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1 hour ago, california boy said:

These are the exact same questions my faithful Mormon family asked when I told them I was gay.   It took them 13 years to decide that it would be ok for me to start attending family activities once again.  Now my partner and I are invited to all the family events and those questions you are asking seem to have been answered. What is important to them is not the choices I have made, but the choices they have made towards me.  

Several of my siblings and inlaws have taken me aside and not only apoligized but asked for my forgiveness in how they treated me.  I told them all was forgotten and gave them a hug.  And just to set your fears aside, none have been pushed to follow in my footsteps.  

I am glad to see the church moving in a much more positive direction.  I hope others do not have to endure a 13 year banishment because of fear they are accepting sinful behavior.  I think these talks in conference is helping to prevent that from happening in the future.  

I am really glad to hear that your family was able to become more loving and kind. I honestly worry that most people in the Church of Jesus Christ don't spend enough time reading, contemplating, and living Christ's commandments regarding love. It is something I wish we focused on more as a church.

As a follow up question on this, if your family members are still active Church members, does it bother you if they believe you are sinning? Do you feel they can still show love to you and also teach their children that homosexuality is a sin?

Also, do how do you think the church should handle the examples I gave previously:

1 hour ago, Anonymous Mormon said:

I totally agree with you. However, at what point does love and compassion end and acceptance of sinful behavior begin? For example, are you going to let this Young Women attend Young Men's? Will you allow this person to go on a week long Young Men campout? Will you let them attend Elder's Quorum? After they transition, if they start asking the other Young Women in your ward on dates like prom is that a concern?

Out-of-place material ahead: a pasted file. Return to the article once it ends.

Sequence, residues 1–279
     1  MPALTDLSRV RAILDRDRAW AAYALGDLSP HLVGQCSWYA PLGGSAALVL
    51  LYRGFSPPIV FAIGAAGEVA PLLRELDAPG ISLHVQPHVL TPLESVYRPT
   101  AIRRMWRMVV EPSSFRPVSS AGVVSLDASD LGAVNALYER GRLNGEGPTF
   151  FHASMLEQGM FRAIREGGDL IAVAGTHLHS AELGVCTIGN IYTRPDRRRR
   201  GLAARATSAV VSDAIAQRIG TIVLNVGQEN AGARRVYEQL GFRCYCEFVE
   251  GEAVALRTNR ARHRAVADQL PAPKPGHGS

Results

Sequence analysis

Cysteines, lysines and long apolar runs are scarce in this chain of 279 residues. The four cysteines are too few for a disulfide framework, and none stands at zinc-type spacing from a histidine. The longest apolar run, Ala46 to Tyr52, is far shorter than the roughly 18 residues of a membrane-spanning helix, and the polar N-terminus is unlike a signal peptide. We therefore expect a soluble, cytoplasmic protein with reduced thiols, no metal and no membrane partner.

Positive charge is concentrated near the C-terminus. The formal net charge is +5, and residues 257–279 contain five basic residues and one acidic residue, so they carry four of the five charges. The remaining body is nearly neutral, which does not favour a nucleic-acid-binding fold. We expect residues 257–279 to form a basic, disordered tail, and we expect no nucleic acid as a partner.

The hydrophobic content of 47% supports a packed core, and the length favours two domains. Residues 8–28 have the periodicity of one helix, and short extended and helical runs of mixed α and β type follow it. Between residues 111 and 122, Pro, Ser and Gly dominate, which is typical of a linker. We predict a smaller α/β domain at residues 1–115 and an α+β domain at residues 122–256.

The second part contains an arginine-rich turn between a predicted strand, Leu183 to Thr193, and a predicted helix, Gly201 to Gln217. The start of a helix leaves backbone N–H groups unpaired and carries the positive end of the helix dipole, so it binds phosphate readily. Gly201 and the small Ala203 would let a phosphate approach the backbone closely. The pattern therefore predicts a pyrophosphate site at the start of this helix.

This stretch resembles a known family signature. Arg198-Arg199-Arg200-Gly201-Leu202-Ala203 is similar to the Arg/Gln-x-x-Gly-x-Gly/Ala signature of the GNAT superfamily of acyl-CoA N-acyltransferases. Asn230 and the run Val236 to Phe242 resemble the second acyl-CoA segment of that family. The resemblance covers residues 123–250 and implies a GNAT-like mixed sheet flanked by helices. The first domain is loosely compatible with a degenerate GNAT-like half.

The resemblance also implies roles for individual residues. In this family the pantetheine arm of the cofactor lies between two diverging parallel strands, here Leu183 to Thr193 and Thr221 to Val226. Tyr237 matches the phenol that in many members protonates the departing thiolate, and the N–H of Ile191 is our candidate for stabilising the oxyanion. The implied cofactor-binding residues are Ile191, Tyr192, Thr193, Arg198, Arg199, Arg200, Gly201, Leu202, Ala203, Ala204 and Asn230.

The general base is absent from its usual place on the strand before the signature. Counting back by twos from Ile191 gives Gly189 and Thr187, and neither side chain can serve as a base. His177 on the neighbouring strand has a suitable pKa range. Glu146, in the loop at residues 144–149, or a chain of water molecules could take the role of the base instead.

How does the church still show love and charity while standing up for its beliefs in the situation above?

(note: I do not want to claim in this question that just because someone does something I disagree with that they will go around 'converting' others or that I need to fear them doing so. But instead, I do know of cases where a few youth began down this road and they invited others to join them in this. I don't think it happens in call cases, but could. So I am curious of your viewpoint on when it's okay for the Church to say no to someone else and how to do it charitably).

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5 hours ago, Anonymous Mormon said:

I am really glad to hear that your family was able to become more loving and kind. I honestly worry that most people in the Church of Jesus Christ don't spend enough time reading, contemplating, and living Christ's commandments regarding love. It is something I wish we focused on more as a church.

As a follow up question on this, if your family members are still active Church members, does it bother you if they believe you are sinning? Do you feel they can still show love to you and also teach their children that homosexuality is a sin?

 

My family is still very active in the church.  I don't honestly know how they feel about me being with my partner now.  We don't talk about sin when we get together.  I do think they are genuinely happy that I have found someone as wonderful as my parttner in my life.  But it certainly does not bother me in the least if they think I am sinning.  To be truthful, I myself don't know if I am sinning.  What I do know is that I don't believe everything church leaders have told me comes from God.  I also know that I feel very close to God and feel His love and guidance in my life.  I am certainly closer to God then when I was pretending to be straight and felt like I was living a life of deception.  I trust the judgement of God and really don't care about anyone else's judgement of my life.